Could someone you know use $2,100 for utilities? Would cash for car or mortgage payments be a welcome relief for someone you know?
You can make that person’s day with a nomination in Pigeon Forge’s “Taking Vacation Back” campaign. The gateway city to the Great Smoky Mountains National Park is offering cash and travel packages ranging from $2,100 in May to $15,000 in July.
The July prize is to help one deserving family win big bucks for a year’s worth of mortgage or rent payments.
All winners – and the people who nominate them – also receive a two-night/three-day stay in Pigeon Forge, home of the Dollywood theme park.
“The past two years have been extremely tough on families, and we know many families have made sacrifices,” said Leon Downey, executive director of the Pigeon Forge Department of Tourism. “The family vacation is something we don’t want to see anyone give up. Vacations are much-needed getaways that create life-long memories.”
“Taking Vacation Back” began in April when more than 200 family stories were told at www.MyPigeonForge.com. Through online voting that month, 20 families won $100 gas cards and a trip to Pigeon Forge, and those who nominated the winners earned identical trips.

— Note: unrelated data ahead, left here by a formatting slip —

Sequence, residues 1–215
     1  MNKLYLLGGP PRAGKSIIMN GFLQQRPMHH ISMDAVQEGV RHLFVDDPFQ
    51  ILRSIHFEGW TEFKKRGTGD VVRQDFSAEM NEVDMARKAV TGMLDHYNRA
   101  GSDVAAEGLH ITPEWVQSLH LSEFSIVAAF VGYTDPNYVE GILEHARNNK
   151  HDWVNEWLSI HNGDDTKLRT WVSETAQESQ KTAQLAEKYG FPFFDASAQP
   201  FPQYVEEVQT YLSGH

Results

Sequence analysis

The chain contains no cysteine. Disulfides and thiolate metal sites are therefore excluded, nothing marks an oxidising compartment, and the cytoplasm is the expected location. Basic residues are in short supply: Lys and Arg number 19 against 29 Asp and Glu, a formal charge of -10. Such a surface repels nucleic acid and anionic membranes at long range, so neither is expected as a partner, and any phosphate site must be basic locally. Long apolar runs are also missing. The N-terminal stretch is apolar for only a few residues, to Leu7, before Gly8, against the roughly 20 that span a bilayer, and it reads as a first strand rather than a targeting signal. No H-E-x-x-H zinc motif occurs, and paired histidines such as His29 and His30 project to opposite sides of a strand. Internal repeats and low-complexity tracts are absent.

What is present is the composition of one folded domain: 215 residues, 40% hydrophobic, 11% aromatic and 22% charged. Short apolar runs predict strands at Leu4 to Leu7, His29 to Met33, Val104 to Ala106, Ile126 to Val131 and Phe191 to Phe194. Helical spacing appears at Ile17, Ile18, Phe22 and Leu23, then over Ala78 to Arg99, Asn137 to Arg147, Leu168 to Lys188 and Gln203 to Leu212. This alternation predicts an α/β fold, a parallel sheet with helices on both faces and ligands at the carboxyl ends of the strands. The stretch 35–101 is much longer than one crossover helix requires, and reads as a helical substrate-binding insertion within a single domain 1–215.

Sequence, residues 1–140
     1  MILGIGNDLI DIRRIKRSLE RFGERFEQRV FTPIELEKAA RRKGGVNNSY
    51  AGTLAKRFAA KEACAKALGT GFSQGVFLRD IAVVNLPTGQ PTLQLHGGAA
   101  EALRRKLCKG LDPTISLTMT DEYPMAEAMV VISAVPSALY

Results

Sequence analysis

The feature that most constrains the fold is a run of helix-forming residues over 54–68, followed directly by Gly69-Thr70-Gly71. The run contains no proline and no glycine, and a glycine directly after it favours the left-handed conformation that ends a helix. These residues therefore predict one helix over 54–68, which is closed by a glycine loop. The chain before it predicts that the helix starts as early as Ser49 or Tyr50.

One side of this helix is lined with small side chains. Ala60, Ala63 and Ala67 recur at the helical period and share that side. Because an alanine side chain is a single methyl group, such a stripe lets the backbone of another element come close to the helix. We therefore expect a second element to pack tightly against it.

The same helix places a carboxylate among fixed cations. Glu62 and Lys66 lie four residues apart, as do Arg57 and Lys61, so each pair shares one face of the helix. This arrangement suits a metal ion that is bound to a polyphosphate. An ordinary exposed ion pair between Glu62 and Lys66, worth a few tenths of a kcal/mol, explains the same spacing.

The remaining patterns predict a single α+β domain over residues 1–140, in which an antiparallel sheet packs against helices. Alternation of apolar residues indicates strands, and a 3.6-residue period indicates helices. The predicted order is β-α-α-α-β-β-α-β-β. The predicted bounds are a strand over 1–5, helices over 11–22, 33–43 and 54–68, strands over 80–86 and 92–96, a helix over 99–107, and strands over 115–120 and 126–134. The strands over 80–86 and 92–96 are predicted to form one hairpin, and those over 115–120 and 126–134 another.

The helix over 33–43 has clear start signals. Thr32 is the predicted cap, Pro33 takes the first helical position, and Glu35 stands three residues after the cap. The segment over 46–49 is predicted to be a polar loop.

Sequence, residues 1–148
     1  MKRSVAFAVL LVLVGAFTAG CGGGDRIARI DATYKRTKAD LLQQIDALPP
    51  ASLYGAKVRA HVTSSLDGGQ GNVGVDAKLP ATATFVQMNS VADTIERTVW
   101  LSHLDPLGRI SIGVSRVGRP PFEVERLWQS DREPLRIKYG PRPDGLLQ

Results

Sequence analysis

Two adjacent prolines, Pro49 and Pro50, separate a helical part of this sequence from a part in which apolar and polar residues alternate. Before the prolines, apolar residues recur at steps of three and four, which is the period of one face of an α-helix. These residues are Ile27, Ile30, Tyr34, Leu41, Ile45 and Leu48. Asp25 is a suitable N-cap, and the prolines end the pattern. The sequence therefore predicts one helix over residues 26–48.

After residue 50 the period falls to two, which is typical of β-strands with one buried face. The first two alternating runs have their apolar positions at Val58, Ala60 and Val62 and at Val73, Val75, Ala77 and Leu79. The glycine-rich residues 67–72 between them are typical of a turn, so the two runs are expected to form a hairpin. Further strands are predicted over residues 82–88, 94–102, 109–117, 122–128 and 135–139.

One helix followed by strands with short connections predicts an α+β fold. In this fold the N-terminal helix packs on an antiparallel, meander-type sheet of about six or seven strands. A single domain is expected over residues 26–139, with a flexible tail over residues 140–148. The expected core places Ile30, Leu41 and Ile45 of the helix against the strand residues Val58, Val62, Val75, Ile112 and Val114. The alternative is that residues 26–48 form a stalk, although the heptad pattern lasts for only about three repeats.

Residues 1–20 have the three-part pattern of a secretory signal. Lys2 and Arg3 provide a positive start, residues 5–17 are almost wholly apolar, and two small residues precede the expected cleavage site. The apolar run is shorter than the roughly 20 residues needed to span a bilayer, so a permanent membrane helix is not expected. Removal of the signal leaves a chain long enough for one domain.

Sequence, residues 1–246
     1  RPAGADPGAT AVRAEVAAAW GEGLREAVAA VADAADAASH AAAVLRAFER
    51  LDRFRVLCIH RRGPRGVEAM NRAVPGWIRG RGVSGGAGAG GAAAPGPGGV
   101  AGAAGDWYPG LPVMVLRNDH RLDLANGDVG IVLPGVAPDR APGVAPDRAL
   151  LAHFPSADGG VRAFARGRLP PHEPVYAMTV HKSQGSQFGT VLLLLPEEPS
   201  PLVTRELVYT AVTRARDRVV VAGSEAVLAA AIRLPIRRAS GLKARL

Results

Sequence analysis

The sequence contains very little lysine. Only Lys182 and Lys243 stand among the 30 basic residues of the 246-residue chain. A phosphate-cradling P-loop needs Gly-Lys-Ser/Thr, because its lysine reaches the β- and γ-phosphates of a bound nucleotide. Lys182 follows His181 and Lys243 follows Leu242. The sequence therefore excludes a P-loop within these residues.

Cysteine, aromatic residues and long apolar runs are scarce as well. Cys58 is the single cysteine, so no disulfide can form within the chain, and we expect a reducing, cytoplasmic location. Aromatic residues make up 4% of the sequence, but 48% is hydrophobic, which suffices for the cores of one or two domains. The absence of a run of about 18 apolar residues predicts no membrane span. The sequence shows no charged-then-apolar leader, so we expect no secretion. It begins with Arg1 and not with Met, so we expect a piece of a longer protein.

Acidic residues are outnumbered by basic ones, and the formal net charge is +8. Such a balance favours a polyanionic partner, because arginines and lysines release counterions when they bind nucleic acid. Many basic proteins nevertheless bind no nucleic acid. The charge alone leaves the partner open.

Prizes get progressively larger:
- In May, 10 families will win $2,100 for utility payments.
- In June, five families will win $6,600 for car payments.
- In July, one family will win $15,000 for mortgage or rent payments.
In 2006, Pigeon Forge conducted a similar outreach campaign by giving away a tanker truckload of gas in response to unexpected jumps in gasoline prices.
“Our 'Great Gas Giveaway’ was a way to offer random acts of kindness – in the form of gas cards – to area visitors,” Downey recalled. “We hope 'Taking Vacation Back’ will spotlight worthy recipients in communities nationwide.”
Participation in “Taking Vacation Back” is easy. The nomination process requires two clicks at www.MyPigeonForge.com, as well as a 100-word essay. Monthly winners are determined by votes from visitors to the Web site.
“The stories we have seen are amazing and inspiring,” Downey said. “From job loss and health issues to returning military members seeking to assimilate back into the community, the stories of need are everywhere around us.”